Gluten-free flour is used to coat the few battered and fried seafood specialties served at Flying Fish Café (where dedicated gluten-free fryers are used), and only gluten-free croutons are served on salads. This opens up much of the restaurant’s menu to gluten-free diners without any modifications. Flying Fish Café was one of the restaurants that were part of Disney’s pilot program, and now Chef Keating is more than happy to advise chefs at other Disney restaurants about ways they can make more of their menus accessible to folks with gluten-free and other special dietary needs.

The commitment to their jobs and to their guests is evident in talking with both chefs. Chef Keating remarked, “The smile on someone’s face when they learn they can have gluten-free crab cakes, gluten-free fried calamari, or gluten-free cheesecake for the first time makes all the work worth it. It is a magical moment for them.”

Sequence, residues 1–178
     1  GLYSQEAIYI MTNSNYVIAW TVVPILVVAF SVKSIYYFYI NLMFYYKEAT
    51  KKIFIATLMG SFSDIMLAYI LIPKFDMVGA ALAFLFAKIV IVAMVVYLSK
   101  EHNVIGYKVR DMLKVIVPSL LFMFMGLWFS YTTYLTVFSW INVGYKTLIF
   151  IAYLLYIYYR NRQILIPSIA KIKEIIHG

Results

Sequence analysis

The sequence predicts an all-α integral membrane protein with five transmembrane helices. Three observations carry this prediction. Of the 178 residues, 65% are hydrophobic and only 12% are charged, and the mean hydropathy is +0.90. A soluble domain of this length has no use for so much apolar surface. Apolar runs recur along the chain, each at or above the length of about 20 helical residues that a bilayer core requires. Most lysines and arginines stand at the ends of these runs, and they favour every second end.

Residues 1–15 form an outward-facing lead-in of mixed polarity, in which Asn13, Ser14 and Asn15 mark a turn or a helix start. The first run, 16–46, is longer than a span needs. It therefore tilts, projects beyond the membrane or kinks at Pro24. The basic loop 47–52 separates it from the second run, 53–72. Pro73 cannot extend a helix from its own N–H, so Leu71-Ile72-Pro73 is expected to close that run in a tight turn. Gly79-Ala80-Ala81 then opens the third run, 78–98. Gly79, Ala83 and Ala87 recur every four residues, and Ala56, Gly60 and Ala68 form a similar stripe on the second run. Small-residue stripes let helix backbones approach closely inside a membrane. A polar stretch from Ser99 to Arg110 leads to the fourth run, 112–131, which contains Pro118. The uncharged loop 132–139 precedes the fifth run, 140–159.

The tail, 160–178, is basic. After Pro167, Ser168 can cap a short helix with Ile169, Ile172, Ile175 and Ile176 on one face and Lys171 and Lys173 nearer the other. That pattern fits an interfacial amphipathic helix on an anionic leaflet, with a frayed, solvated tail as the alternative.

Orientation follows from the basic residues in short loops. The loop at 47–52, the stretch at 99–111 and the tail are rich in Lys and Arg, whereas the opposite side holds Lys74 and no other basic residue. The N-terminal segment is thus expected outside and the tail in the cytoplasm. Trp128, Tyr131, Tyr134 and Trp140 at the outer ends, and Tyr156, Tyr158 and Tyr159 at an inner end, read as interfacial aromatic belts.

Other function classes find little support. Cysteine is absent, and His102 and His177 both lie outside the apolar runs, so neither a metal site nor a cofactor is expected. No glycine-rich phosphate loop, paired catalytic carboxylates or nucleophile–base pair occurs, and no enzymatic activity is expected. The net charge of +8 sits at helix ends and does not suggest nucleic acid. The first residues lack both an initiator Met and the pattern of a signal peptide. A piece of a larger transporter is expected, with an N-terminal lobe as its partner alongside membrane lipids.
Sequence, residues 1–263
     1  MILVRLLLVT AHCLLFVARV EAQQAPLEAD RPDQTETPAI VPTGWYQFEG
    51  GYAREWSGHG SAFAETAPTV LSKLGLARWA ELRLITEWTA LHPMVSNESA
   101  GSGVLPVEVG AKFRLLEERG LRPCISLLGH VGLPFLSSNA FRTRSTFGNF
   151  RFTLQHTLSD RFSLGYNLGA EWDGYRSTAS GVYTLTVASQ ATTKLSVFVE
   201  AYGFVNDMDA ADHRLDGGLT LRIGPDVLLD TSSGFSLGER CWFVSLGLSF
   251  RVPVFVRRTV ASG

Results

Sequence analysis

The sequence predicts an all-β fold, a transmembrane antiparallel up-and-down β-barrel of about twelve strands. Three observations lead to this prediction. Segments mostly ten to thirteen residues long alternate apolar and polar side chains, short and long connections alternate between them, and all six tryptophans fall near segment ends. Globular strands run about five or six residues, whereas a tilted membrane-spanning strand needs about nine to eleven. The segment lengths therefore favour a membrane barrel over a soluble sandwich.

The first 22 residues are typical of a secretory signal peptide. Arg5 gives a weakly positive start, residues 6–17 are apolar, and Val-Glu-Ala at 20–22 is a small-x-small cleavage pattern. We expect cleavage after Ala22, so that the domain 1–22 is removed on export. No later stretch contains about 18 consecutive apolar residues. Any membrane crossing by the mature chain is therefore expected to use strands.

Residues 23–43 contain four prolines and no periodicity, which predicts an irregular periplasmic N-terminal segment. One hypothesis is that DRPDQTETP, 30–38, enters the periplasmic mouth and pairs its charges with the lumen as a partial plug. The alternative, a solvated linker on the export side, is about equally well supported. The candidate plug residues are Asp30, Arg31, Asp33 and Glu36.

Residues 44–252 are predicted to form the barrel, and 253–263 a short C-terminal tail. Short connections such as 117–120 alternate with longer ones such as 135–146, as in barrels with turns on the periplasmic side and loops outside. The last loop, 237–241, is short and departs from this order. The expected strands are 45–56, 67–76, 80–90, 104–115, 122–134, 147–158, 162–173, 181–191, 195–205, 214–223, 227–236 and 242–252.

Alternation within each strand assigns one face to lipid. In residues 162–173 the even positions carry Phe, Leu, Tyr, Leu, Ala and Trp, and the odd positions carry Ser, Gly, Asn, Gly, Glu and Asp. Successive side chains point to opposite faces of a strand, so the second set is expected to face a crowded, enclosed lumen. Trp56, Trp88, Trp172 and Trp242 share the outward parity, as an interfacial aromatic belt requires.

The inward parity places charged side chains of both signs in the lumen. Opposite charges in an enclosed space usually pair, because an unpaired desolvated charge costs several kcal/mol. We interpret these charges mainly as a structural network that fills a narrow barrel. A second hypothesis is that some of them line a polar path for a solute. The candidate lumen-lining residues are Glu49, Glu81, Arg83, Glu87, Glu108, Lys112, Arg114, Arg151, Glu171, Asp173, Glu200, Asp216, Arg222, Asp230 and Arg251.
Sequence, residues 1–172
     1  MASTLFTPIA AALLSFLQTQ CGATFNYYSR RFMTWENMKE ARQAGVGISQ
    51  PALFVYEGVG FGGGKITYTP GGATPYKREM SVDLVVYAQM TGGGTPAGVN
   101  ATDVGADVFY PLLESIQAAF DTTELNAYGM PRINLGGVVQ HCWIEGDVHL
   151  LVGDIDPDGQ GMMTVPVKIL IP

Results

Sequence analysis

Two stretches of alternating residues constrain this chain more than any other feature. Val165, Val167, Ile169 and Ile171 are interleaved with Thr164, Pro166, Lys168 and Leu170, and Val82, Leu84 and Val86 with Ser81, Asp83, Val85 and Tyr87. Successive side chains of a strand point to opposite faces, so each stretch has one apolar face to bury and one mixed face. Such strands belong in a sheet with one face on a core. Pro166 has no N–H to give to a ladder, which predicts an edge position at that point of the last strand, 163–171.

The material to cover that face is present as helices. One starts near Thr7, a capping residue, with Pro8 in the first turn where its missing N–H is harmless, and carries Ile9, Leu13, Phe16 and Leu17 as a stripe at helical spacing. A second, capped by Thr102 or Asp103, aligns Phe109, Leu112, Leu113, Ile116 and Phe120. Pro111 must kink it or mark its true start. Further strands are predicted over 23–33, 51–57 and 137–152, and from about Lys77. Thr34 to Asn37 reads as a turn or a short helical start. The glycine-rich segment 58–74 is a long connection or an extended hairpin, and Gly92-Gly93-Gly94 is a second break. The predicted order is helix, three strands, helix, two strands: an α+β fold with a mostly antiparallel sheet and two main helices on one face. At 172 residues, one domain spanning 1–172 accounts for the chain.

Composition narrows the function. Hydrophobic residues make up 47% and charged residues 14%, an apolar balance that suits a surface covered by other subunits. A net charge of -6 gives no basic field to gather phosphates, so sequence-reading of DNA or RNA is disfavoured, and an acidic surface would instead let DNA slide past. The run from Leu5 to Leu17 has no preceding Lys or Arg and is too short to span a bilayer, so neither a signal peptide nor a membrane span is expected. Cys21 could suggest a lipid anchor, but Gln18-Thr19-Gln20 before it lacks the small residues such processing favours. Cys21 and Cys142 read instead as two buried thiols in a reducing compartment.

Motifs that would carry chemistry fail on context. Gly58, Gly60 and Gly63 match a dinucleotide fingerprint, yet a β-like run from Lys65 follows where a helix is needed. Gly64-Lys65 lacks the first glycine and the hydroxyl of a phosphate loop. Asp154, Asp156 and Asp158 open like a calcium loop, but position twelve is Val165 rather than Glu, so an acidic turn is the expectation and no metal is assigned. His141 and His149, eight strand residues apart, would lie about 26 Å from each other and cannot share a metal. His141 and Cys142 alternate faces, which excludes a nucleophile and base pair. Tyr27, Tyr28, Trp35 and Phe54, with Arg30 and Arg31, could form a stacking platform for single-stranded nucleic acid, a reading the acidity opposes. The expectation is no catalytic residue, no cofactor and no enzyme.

Disney World

Magic Kingdom’s relatively new Be Our Guest Restaurant , in which diners can choose one of four rooms designed to mimic the Beauty and the Beast  movie, is another standout. Here, gluten-free diners can enjoy many options for breakfast, a quick lunch, or a more elegant dinner. Le Cellier Steakhouse  in Epcot’s Canada pavilion has always been another favorite destination for gluten-free diners who can enjoy a wide range of steaks and other delicious specialties. The AAA 5-diamond Victoria & Albert’s  restaurant at Disney’s Grand Floridian Resort & Spa offers a seven to ten course menu, making it perfect for a special occasion or for those who enjoy haute cuisine. Chef Keating specifically mentioned Jiko – The Cooking Place  at Disney’s Animal Kingdom Lodge, as being a good dining choice. The restaurant focuses on the flavors of Africa and Asia. He also singled out California Grill  in the Contemporary Resort. But again, both chefs stressed that as of fall of 2015, the roll out of this program will make gluten-free options available at all table-service and quick-service restaurants.